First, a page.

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Attendee Comments

     
 
"Engaging Relevant Info!"

"All Great!"

"Very much enjoyed the program… great choice of participants/ panelists"

"Great Job"

"Networking"

"Good content; good speakers"

"Case studies; [Health] System panel"

"Good presentations for knowledge base; Good size & opportunities for networking"

"Good mix of professionals/ project cases; Studies + data matrixes"

"Good variety of topics"

"Variety of presenters- topics"

"Great!"

"Great discussion on real estate trends in the post ACA era"

"The presentation of the technological aspects in the industry that are shaping the future of owners of medical space and medical systems"

"Style - relaxed - good Q & A"

"Open dialogue"

 "Format, speakers, host"

"1st two speakers"

"Relaxed and informal with lots of Q&A"

"Small setting"

"Engaging relevant info! All great!"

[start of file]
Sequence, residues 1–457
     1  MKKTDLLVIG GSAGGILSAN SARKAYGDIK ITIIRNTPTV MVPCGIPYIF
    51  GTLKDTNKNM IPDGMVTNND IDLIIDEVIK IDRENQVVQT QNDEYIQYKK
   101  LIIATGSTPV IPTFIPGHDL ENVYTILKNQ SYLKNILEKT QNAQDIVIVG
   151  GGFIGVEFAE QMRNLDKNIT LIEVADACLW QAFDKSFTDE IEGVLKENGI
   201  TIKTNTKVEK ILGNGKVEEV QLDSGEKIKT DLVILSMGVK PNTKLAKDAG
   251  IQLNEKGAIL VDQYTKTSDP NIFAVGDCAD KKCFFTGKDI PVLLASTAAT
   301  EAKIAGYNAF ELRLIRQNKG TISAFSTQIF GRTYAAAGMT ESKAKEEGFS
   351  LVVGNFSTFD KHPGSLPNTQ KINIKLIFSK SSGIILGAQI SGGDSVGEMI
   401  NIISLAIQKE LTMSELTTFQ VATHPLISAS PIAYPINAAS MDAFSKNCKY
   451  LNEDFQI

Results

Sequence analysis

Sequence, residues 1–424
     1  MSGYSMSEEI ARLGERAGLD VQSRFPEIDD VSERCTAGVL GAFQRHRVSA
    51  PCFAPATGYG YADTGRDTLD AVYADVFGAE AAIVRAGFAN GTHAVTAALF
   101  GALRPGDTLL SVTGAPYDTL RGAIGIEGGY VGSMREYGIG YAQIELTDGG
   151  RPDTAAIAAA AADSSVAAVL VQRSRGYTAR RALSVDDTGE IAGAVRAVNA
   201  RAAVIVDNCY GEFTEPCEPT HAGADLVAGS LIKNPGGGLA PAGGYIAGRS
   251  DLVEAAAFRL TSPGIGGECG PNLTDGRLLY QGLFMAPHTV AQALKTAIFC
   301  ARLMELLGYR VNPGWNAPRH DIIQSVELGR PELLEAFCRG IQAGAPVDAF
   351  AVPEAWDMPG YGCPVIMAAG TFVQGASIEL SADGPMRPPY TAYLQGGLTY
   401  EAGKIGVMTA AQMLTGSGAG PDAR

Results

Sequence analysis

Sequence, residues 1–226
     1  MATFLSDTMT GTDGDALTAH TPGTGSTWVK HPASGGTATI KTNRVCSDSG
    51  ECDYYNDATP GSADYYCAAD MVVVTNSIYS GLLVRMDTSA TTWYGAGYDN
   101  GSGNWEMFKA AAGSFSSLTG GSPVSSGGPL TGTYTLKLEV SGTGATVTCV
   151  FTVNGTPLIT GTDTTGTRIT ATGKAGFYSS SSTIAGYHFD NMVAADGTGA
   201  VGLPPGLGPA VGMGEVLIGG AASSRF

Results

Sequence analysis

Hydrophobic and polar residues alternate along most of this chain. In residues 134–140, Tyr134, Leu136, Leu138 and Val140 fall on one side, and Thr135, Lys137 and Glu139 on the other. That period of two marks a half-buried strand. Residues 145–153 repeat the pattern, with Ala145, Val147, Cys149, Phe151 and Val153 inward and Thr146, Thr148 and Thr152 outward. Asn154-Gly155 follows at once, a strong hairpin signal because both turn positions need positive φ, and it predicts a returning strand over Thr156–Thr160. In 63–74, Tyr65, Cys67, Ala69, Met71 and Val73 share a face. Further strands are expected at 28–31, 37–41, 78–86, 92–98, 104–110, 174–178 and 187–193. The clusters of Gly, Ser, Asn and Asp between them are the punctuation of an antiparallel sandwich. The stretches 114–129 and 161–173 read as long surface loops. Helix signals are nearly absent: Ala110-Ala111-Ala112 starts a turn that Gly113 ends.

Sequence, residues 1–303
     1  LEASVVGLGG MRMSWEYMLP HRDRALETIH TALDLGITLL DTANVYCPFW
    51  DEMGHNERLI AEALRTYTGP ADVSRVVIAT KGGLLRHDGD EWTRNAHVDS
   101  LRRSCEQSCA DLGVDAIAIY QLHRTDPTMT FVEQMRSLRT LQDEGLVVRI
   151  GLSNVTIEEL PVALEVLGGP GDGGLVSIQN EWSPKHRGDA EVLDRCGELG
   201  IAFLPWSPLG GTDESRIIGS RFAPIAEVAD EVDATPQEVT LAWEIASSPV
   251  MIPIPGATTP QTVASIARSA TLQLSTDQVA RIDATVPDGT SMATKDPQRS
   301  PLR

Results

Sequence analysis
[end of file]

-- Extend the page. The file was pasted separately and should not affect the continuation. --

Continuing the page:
"Great Job!"

"Variety of speakers and topics"

"Andrea Hyde, Mike Hargrave, Eric Rasmussen, Rich Greco, Katie Jacoby"

"Good topics and how they were organized"

 
     
 

97% Rated Overall Content “Excellent” or “Very Good”

 

 
    Mid Atlantic 2016 - Post Summit Wrap
 
 

 

 

 

 

Key Takeaway Messages

 
   
 

ACA After Implementation – Winners, Losers and Shifting Thoughts of Healthcare Leaders

-Mike Wood, CHC, MSM, BS, ARRT, RT, President of IFMA HealthCare Institute, and Director/ Healthcare Market Development, Oldcastle

Takeaway Messages:

  • We’ve had to stop and rethink all capital strategies. CFOs are watching the pot of available income shrink as the need goes way up. How can facilities professionals help them to make informed decisions?

  • ACA's downstream effect is that we're all being pushed to be more efficient. For facilities, this means that speed to market crucial; modular, standardization and templating are increasingly a necessity; process managements such as Lean, IPD and “IPD Lite” are going to become more common.

  • "We need to start asking more about the business of the healthcare systems we provide services to, more than we ever have before … Have you thought this through? Is this in your strategic plan or is this a blocking move in response to the system next door? Otherwise we'll start providing stuff that isn’t going to be the answer."